It was quite a hassle to balance all the accounts and transfer money between higher interest bearing accounts and checking accounts. And what did we get for all that work? Maybe an extra $35 a year?
Ally helped us consolidate all of our finances in one location. Most of the things I love about the app are really just things I like about the bank itself. Because there is no physical location for the bank, I can’t deposit cash, but I can withdraw cash from any ATM and Ally reimburses any fees. If I want to deposit a check, I just use the app to take a picture of the check and it automatically deposits. If I want to write a check, I can either use the checks they provide for free or just have the bank send a check for free. This has cut down on both time and the expense of purchasing stamps.
There were (at least) two pressing problems I struggled with when thinking about how to improve my prayer life. First, how can I organize my prayer lists? There are some prayer issues that I need to cover every day. Other prayer requests I want to cover weekly. My dad has a pretty good system of who/what to pray for on which days but I’ve always struggled to do that well.
The second issue was identifying a central place to quickly compile all the requests for prayer I receive. I used to keep a journal, but I didn’t always have it with me to write down prayer requests. Requests sometimes fell through the cracks.
Saints prayed faithfully for thousands of years without access to a special prayer app. I have no excuse for my failures in prayer, but PrayerMate does address both of those issues I mentioned above. I can quickly take down a prayer request, assign it a category (“family” or “missions,” for instance) and decide how often I want to pray for it. For example, even though I pray for each member of my family every day, I’ve also set up a special prayer day for each individual member. The same is true for my fellow elders and my co-workers.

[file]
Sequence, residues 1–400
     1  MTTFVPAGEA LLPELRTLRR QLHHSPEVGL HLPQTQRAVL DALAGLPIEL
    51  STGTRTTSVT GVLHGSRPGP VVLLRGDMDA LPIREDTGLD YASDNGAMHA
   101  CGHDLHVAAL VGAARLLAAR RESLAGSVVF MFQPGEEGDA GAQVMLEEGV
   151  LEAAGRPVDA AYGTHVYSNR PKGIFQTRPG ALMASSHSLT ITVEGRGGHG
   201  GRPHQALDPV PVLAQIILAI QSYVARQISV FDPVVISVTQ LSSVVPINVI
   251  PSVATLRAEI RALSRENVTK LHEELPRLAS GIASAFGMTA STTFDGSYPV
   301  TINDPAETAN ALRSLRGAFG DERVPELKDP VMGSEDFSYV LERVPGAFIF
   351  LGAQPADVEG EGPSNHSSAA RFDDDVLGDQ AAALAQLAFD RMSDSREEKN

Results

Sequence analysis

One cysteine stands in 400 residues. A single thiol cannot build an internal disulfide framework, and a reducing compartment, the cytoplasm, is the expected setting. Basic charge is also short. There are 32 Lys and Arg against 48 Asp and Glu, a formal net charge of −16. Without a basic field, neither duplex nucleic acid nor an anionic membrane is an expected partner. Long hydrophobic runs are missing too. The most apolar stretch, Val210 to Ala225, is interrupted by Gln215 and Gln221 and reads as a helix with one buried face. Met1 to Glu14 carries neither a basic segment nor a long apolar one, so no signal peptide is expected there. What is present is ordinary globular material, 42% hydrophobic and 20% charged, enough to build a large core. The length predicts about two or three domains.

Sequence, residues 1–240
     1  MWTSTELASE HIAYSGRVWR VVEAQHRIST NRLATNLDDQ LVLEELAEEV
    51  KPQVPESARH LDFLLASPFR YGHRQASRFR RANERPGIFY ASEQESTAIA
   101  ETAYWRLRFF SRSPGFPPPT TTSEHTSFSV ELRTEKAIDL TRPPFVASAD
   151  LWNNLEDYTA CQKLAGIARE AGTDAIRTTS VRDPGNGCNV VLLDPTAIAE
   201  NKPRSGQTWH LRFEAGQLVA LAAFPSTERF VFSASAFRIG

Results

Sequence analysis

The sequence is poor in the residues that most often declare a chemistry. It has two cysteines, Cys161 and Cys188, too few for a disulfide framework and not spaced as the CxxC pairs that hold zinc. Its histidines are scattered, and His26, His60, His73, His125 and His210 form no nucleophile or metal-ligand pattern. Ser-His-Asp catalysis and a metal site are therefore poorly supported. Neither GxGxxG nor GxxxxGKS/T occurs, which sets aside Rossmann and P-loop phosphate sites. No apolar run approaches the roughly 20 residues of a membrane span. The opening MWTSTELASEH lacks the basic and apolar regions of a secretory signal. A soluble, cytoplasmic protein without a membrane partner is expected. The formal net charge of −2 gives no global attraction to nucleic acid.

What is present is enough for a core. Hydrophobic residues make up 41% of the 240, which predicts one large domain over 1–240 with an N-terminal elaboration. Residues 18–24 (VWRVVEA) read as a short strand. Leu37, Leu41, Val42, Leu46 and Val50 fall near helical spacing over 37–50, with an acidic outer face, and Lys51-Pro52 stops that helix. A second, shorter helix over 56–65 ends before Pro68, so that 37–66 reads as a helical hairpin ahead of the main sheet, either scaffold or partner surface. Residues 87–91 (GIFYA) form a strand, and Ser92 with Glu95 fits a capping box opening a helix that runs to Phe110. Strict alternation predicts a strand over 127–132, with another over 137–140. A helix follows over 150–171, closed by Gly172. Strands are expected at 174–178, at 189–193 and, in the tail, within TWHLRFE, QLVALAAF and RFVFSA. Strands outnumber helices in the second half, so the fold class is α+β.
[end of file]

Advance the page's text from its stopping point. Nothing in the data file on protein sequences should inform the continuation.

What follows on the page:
The downside of this app was that I had to pay for it.
#7: PDF Expert
This is the app I use for preaching. I save my notes as a PDF on Friday afternoons and then use this reader to review my notes Friday night and Saturday afternoon. I can write on the document and add any additional notes. On Sunday mornings, my notes are ready to go on the iPad. I don't have a bunch of pages up on the podium with me. I don't have lots of folders in which I'm storing my manuscripts. When I travel, all of my sermon notes travel with me.
I’ve also found the app helpful for editing other documents when I don’t have time to print them out or I’m travelling and can’t carry around all the pages with me.
This is also an app I had to pay for.
Honorable mention: GoodReader. GoodReader is supposed to be a very good app, but they’ve suffered because of their poor response to the updated operating system for Apple.
I’ve mentioned Feedly before. I still use it daily.
#5: ESV Bible
I use this app constantly. I love the layout and almost everything about it. Adam4d does make a good point, but it’s so convenient to always have your Bible with you.
#4: Evernote (Penultimate, Sketch)
I love Evernote. Their tag line is “work smarter” and they mean it.
Over the past month, as I’ve begun to implement some principles from What’s Best Next and Getting Things Done, my use of Evernote has skyrocketed.
I’m planning a future blog about how I’ve utilized Evernote in my ministry, but I’ll give a quick overview.